CPSC: No link between drywall and infant deaths


Click here to read the entire report (.pdf)

The government launched an investigation last year to try to determine why 11 babies have died at Fort Bragg since 2007.

Investigators wanted to know if there was an environmental cause, and the focus has been on drywall in the homes.

But Investigators with the Consumer Product Safety Commission said Thursday that they could not find any connection between drywall and infant deaths.

The CPSC said it did a comprehensive environmental scan on two homes. While it did find some light corrosion on some fixtures in the homes, it said it was not the kind usually associated with problem drywall.

In some parts of the country, there have been reports of health problems associated with some drywall imported from China starting in 2001. Lab testing showed emissions of sulfurous gases from the product. But CPSC investigators said Thursday there is no indication any of the drywall used at Fort Bragg came from China.

National Gypsum, which produced the drywall used in the Fort Bragg homes said Thursday's report backs the quality of its product.

"This report confirms what we’ve known all along: the drywall in these homes is 100 percent safe and free of any defects," said Craig Weisbruch, Sr. Vice President, Sales & Marketing for National Gypsum Company.

Thursday, the CPSC said it tested everything in the two homes it looked at from water quality, air quality and even the possibility of mold.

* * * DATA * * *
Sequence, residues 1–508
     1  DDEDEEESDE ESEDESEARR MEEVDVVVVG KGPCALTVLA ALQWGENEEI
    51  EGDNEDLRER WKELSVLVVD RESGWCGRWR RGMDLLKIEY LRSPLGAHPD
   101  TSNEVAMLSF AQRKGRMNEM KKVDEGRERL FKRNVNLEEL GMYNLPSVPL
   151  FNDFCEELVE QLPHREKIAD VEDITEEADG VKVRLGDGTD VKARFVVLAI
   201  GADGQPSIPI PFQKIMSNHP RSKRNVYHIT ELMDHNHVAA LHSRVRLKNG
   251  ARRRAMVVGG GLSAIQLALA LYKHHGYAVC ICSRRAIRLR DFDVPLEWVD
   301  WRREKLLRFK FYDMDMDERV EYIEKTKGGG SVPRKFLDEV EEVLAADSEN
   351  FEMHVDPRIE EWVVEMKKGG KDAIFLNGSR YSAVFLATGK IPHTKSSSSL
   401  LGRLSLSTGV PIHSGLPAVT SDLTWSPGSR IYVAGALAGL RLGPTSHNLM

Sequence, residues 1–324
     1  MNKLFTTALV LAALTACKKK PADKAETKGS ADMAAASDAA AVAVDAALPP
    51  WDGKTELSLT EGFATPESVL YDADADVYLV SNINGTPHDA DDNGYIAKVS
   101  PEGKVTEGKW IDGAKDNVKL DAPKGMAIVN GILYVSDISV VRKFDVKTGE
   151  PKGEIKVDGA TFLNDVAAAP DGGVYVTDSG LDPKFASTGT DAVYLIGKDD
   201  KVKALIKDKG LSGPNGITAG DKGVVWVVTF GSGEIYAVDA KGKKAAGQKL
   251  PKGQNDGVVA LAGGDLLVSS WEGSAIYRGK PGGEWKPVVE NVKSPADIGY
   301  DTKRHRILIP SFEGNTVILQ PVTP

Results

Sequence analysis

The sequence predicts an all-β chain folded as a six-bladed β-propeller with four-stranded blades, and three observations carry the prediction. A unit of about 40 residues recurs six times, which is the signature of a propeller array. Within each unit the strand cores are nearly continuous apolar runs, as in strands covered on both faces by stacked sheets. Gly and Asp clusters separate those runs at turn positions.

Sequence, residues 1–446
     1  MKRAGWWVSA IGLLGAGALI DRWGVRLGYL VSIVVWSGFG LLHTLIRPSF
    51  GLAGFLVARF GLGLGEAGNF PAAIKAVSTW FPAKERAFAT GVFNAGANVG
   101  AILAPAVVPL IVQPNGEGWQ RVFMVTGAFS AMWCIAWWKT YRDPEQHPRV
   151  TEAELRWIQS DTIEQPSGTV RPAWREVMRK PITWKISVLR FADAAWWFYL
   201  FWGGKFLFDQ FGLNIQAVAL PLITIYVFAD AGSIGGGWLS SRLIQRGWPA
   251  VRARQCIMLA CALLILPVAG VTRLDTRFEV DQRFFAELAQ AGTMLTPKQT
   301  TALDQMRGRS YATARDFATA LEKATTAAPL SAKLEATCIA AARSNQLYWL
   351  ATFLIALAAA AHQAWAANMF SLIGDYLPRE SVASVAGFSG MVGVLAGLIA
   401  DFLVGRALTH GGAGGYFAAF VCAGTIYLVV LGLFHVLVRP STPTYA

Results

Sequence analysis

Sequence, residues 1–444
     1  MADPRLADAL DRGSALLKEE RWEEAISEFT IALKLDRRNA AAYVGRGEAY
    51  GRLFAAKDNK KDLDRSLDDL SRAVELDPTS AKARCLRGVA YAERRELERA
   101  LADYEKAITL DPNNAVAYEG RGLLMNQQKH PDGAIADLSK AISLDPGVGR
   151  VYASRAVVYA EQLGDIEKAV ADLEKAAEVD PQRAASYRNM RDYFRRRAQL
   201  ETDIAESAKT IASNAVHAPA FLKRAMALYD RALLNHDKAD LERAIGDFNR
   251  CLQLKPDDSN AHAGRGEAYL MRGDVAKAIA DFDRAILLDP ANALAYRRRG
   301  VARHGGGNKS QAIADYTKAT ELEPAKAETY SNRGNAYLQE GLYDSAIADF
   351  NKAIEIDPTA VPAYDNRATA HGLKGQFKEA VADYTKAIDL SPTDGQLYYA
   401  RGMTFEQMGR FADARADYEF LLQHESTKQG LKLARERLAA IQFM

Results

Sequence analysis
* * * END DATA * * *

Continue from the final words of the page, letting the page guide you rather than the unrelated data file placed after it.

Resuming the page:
It said the firm who did the testing - Environmental Health and Engineering - recommends additional testing for pesticides. It found higher than average levels of the chemicals Permethrin and Cypermethrin.

Multiple agencies have been conducting probes of the Fort Bragg deaths. The pattern was first noticed by officials after two infants from different families died within three months of each other at the same address in 2009.

Last October, the Army said other testing it commissioned had not found anything that might have contributed to the deaths of the children.

Army officials have said the rate of unexplained infant deaths is not necessarily anomalous for a community the size of Bragg, but that the two 2009 deaths so close together merited an investigation.

Fort Bragg is home to the U.S. Army Airborne and Special Forces. About 45,000 people live on the base, including about 6,200 families.

Officials do not suspect foul play in any of the deaths.

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